TESOL in Real Time: Imagine Teaching World-class English
Imagine Teaching World-class English
that Stands up Anywhere
Sarah Anne Shope, PhD
Global communication is the driving force behind the world’s appetite for fully functional English as a second or foreign language. The curiosity question is: Exactly what is world-class English? Two professional questions are: How should it be taught and can I do the job?
With all those dialects used throughout the world: Indian, Australian, Caribbean, North American the United Kingdom, and all of their countless variants, what is world-class English? It must be English that functions as an intercultural communication tool and one not bound up with only the cultural standards and mores of the native speakers of that brand of English. It must be a standardization of forms, lexicon, and spelling for consistency for people of different nationalities. We might call it global or international English; nevertheless, we must define it based on the expectations of the learners. It must be a language equipped to make meaning that crosses cultural boundaries. That is quite a task with its own special professional challenges.
With world-class English we are dealing with a level different from that of teaching people to survive within a particular regional dialect and jargon of a specific job. If I’m teaching people to work on a construction crew, they need to know what “gimme the hammer” means. If I’m teaching people to interact in an intercultural business meeting, I teach them to use appropriate cultural greetings. Nevertheless, I want both groups of learners to be able to communicate beyond a limited cultural, regional, or vocational experience. I want them to learn English that will work in any situation. That doesn’t mean “proper” English, as some would have it. So-called proper English can sound stifled and condescending.
An effective teacher of world-class English must know and overcome deficiencies. Three big ones among teachers include a personal shortage of experience with a variety of international people, a lack of awareness of the problems with odd spellings and worldwide variations of English spellings, and absence of awareness of the skirmish over teaching methods used in various environments.
The first deficiency is fun to overcome. Just make plans to spend plenty of time in international communication situations, even if only in your home country. Pay close attention to the language structures and the lexicon used effectively between people of different nationalities and cultures. Read and study issues of global English so that you are generally more knowledgeable. Taking out clichés and idioms that are specific to regions and dialects is a good start. Learners often do want to know what they mean, but they needn’t attempt to use them unless they are trying to master a regional dialect.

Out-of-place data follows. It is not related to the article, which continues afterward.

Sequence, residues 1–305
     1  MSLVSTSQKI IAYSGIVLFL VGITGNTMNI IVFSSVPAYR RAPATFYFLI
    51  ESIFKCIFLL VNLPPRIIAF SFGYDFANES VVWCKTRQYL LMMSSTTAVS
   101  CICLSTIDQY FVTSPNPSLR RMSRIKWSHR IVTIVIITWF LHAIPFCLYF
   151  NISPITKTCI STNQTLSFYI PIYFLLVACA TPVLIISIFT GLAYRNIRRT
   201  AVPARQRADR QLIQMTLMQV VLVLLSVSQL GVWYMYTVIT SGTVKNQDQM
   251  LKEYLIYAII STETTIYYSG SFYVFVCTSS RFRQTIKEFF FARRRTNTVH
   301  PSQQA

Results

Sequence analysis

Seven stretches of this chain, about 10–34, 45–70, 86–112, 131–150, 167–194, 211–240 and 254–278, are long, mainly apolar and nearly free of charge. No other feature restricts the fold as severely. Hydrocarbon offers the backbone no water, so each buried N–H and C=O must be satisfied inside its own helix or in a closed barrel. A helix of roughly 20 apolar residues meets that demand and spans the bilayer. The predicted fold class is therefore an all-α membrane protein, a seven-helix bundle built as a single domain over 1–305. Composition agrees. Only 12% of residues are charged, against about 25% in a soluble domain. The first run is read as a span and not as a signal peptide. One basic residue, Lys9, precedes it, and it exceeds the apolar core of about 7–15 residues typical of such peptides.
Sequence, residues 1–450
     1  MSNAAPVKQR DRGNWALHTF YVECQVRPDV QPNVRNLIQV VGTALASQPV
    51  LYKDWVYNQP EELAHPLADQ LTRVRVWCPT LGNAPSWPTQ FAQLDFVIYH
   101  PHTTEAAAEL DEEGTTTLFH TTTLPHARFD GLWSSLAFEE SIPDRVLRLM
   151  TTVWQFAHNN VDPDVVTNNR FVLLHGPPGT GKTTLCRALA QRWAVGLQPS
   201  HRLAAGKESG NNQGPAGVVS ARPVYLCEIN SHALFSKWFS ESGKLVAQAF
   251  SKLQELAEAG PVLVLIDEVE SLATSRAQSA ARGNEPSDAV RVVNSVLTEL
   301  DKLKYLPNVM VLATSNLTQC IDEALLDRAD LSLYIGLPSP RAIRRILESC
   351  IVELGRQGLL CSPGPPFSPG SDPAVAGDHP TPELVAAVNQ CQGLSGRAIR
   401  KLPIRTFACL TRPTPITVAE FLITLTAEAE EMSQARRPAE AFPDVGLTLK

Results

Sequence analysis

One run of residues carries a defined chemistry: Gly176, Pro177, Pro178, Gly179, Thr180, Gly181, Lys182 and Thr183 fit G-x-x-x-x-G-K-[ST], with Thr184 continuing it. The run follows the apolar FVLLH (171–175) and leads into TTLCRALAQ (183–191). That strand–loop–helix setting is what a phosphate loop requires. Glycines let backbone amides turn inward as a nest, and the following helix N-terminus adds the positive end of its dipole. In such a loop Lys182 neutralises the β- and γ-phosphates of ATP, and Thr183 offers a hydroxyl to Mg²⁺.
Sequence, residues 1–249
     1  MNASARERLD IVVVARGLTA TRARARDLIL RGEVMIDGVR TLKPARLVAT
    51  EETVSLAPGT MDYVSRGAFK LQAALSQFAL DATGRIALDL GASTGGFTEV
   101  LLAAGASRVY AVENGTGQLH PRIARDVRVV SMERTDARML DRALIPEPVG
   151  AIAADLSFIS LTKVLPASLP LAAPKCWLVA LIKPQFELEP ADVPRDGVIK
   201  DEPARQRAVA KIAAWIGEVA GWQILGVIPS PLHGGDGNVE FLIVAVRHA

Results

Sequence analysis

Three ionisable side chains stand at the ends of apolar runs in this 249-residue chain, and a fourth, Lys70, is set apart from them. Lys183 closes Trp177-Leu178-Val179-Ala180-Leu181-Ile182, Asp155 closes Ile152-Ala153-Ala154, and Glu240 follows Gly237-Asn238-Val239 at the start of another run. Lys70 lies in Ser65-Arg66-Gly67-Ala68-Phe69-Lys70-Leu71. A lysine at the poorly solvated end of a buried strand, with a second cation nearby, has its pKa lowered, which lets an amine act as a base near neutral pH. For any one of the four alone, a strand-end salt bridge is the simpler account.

The second deficiency is knowledge of the confusion of spelling. Heighten your awareness of how the development of English has affected spellings and created variations of spellings. The more you know the better you can help learners get over the anxiety of archaic spellings and numerous irregularities.
The third deficiency involves polar opposite methods of teaching, which are the Grammar Translation and Communicative Approach, and the spectrum of methods in between. Because numerous countries are steeped in traditional teaching methodology, many English learners have learned from some form of Grammar Translation, especially through reading and writing and practicing grammar forms. That is an invaluable foundation for literacy, but those same students often struggle with listening and speaking skills. On the other hand, many students pick up listening and speaking skills easily but lack a solid base of literacy. A weak Communicative Approach does not give those learners needed skills in literacy. It is essential to study methodology in order to strike a balance of strategies and techniques for teaching listening, speaking, reading, and writing within your own style of teaching and your students’ learning styles.
Those tasks might seem daunting; however, your heightened awareness, careful study, and added experience will move you into a high level of professionalism. Then you can be a successful teacher of world-class English whether you teach locally or globally, and your students will appreciate that.
Sarah Anne Shope, PhD is founder of Global TESOL Certificate Program, currently offered through University of Georgia Center for Continuing Education and Clayton State University Continuing Education for Professional Development.
Global TESOL Program at UGA Gwinnett http://www.georgiacenter.uga.edu/courses/languages/global-tesol-certificate-program.
She authored Global TESOL: Teaching English to Speakers of Other Languages, an orientation into the professional of TESOL and a practical guide into developing and teaching courses and lessons for English language learners anywhere across the globe.
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